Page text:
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Emphatic (or cleft) sentences

§ 180. These sentences in their turn fall into three patterns, in allofwhich the form of the complex sentence is used to emphasize some part of the sentence.

In the first pattern the emphasized part is placed in the position of the predicative, which is followed by a clause. The main clause is patterned on the model of the it-clause and the subordinate clause may be patterned as an attributive, temporal, local or nominal clause.


It is my friend who told me this.


The role of the main clause is purely emphatic, as the information which is divided between the main and the subordinate clause can be expressed in a simple sentence.


It is my friend who told me this ——> My friend told me this.

It is the examination that you and I are concerned with ——-> You and I are concerned with the


If is not that she loved him ——> She did not love him.

It was the idea they were buying, not the project ——> They were buying the idea, not the project.


The emphatic position may be occupied by a whole clause.

It was what she said that spoiled the impression.

Was it because dusk was gathering that you failed to see anything?


In the last two sentences the content of the predicative clause is em­phasized.

The position of the predicative serves for placing greater emphasis on the part occupying this position. Semantically the emphasized part may fulfil different roles.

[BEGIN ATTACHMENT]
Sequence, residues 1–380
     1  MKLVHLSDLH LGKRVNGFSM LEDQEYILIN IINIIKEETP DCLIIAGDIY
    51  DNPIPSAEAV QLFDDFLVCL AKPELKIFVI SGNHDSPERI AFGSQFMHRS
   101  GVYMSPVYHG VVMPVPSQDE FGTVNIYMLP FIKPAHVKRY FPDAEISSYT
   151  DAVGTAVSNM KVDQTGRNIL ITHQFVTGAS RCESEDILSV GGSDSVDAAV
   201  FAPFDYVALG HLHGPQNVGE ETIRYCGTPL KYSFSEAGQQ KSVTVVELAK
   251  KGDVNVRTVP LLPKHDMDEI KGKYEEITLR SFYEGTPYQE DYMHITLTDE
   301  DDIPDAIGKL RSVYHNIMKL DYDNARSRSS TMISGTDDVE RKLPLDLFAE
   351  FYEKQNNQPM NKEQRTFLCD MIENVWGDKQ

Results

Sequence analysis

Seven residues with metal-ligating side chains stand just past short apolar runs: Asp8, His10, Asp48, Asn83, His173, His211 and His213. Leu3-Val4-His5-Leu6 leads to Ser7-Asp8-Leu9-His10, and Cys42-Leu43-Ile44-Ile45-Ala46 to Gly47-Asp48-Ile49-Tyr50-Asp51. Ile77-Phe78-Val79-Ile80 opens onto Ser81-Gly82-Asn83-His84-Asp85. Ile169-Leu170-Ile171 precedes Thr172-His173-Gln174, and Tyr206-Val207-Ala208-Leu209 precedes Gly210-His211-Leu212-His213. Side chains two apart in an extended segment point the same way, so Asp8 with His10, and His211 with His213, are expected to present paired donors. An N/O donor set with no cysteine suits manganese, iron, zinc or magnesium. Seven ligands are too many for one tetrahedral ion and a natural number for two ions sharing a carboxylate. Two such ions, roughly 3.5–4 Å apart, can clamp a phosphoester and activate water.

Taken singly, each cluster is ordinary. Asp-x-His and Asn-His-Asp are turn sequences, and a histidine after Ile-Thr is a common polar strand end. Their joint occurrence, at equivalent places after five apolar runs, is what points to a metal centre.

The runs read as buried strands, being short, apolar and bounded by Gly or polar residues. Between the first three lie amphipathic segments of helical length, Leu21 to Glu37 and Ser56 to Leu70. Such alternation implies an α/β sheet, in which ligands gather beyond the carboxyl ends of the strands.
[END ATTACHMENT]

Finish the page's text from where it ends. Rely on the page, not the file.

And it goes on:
It was not till this very moment that I recollected him ——> did not recollect him till this very moment.

(The emphasized part is adverbial modifier of time.)

It is not that I hate you ——> I don’t hate you. (Negation is empha­sized.)


The cleft sentences and the simple ones given above are similar in meaning as they describe the same situation. The difference lies in a special accentuation of the bold-faced words.

The subordinate clause may be joined asyndetically: It is not you I hate.


Pseudo-complex sentences of this type may be interrogative.


What is it that happened to you?

What was it he disliked so much?


A sentence can be transformed into different cleft sentences depending on what element is to be emphasized. For example:

John liked to read books at home - → It wasJohn who liked to read books at home. → It wasbooks that John liked to read at home. → It wasat home that John liked to read books.


The second pattern of cleft sentences is used to emphasize the predicate, which is split into the operator in the subordinate subject clause and the infinitive in the main clause.


What John liked was to read books at home.

What he disliked so much was to be addressed by passers-by.


The particle to is often omitted.


What he has done is spoil the whole thing.


The third pattern of pseudo-complex emphatic sentences begins with the conjunction if, which does not introduce a conditional clause.


If I feel sorry for anyone it’s Norman ——> I really feel sorry for Normal.

Appended clauses (повторы с уточнением)

§ 181. There are several varieties of appended clauses, modelled on the pattern of the main clause. These are used to intensify or reinforce a statement in the previous clause. The most common type of appended clauses are tag questions (tags). You are tired, aren't you? You are not ill, are you?

In non-formal style there is another form of appended clause, which is elliptical.


He is always very gloomy, is that John of yours.

She is a clever girl, is your friend.


In such sentences the link-verb to be is generally repeated, or a form of the verb to do is used.


He never told me anything, did your brother.



The appended part may consist only of a nominal group.